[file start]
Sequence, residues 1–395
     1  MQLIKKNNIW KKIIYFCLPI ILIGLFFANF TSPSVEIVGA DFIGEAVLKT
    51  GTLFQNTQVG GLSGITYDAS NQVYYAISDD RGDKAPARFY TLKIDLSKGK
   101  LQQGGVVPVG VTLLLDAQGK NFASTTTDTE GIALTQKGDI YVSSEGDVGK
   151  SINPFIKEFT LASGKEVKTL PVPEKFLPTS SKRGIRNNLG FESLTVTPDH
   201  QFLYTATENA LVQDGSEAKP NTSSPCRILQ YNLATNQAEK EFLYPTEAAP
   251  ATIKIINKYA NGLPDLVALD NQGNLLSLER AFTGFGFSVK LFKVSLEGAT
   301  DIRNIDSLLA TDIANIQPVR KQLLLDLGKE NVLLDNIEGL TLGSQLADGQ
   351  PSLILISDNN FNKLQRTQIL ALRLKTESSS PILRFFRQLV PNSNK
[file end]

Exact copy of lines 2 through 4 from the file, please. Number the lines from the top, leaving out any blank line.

     1  MQLIKKNNIW KKIIYFCLPI ILIGLFFANF TSPSVEIVGA DFIGEAVLKT
    51  GTLFQNTQVG GLSGITYDAS NQVYYAISDD RGDKAPARFY TLKIDLSKGK
   101  LQQGGVVPVG VTLLLDAQGK NFASTTTDTE GIALTQKGDI YVSSEGDVGK